'Need to make players aware of the dangers'

Last Updated 25 May 2013, 20:23 IST

The trail of unsavoury incidents in the Indian Premier League has not ended with the arrest of three Rajasthan Royals players for spot-fixing. It is devouring bigger names – administrators and team owners alike. The developments have certainly put the credibility of the IPL and the Board of Control for Cricket in India at stake, but some veterans who walked alongside Indian cricket feel that the time is ripe for stern yet prudent actions, and not for knee-jerk reactions.

Jaywant Lele, former secretary of BCCI, feels that strict monitoring of proceedings is a must in cricket, especially in Twenty20, to tackle the menace of betting and fixing. “The nature of the format is such that it gives a lot chances for betting or spot-fixing. Only constant vigil can help us to tackle this issue because spot-fixing is tough to identify as it’s often done quickly with the assistance of minimum number of players. So it’s tough to trace, and the administrators need to be fully alert to the dangers of fixing,” says Lele.
The latest scandal came as a rude shock for the BCCI particularly because of the involvement of an active Indian cricketer – S Sreesanth – and the alleged role of a top Chennai Super Kings’ official – Gurunath Meiyappan – in the issue.

Here, many felt the greed for money than the necessity of it lures players or high profile names into such illegal activities. “It is surprising because these days cricketers are well paid – both in international matches and in domestic games,” says Jagmohan Dalmiya, former BCCI and ICC president and the current president of the Cricket Association of Bengal. “Then we have leagues like the IPL or Big Bash (Australia) in which the players can explore their options. So, I think these days financially the players are secure, and on the face of it they have no reasons to indulge in such unlawful activities. I am so glad that none from Bengal was named in the episode. I think the basic reason for such activities are greed of some individuals,” said Dalmiya, no stranger to controversies in his time at the helm.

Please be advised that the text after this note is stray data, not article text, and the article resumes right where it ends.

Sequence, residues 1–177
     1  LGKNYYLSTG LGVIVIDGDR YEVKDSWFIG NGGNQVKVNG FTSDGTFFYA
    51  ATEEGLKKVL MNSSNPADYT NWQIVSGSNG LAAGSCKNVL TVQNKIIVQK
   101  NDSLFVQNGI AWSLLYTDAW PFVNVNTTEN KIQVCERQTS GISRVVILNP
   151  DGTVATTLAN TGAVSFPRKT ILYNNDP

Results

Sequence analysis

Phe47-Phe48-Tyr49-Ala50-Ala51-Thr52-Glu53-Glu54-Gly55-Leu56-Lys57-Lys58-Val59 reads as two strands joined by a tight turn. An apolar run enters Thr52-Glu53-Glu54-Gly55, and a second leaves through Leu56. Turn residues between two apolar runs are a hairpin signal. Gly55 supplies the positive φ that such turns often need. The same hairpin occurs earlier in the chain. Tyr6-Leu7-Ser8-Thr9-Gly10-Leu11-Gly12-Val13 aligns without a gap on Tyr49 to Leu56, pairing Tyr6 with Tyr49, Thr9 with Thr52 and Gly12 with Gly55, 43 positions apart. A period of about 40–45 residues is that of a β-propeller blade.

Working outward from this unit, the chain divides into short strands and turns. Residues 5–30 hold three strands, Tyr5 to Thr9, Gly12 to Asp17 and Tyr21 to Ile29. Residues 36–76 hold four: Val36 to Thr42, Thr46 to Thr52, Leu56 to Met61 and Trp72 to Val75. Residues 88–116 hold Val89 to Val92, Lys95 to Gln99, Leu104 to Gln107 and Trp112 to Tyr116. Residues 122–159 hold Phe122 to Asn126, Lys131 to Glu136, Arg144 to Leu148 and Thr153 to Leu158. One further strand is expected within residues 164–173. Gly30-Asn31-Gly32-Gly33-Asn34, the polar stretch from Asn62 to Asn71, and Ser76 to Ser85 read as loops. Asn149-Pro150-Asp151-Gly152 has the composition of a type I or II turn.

Niranjan Shah, former Secretary of BCCI and its current vice-president, agreed. “The entire issue has been quite shocking. It’s definitely greed that forces some players to involve in all these illegal activities. If you look at it, players are paid good money these days. Not just from cricket, they also have a lot of endorsements, many of them write coloumns, many of them are brand ambassadors of various products….so there’s no dearth of money. It’s simply their greed that leads them into contact with nefarious individuals,” said Shah.

So, is it possible to tackle the menace of spot-fixing effectively? “The governing body (BCCI) should take steps to educate the players about the perils of betting and fixing. If you look at it, these days a lot of players are coming from rural areas of the nation. They will take time to adjust to the glitz and glamour of international cricket, and there are chances of them meeting all kind of individuals. So we need to educate them about all that, and need to constantly check as well about the progress of such educational programmes,” said Dalmiya.

Since the day the spot-fixing scandal has come to light, there have been calls to abolish IPL and legalise betting in India. But many felt that both are not the solutions to curb illegal activities. “It’s not about legalising betting or banning IPL, and that way we are moving away from the real issue. Ultimately, players are responsible for their behaviour, and there’s a need to make them aware of the dangers of involving in such activities. It requires a strong campaign from the part of the BCCI for that,” said Lele.
Former Indian skipper Rahul Dravid voiced his agreement.

“I have always said the IPL in itself is a fantastic tournament. There’s a lot of positives about it but there are challenges in the IPL as well as we have seen last week. There is no point – if you completely throw away the tournament, it is like throwing away the baby in the bath water. It’s just a question of correcting some of the challenges it continuously faces.

“The issue of betting is not only about the IPL. It has been seen in the past in international cricket. We don’t stop international cricket because of that. If that yardstick was used, then we should stop all cricket. But I think we need to sort the issues out rather than make big statements like cancel the IPL,” said the former Indian captain.


(Published 25 May 2013, 18:33 IST)

Follow us on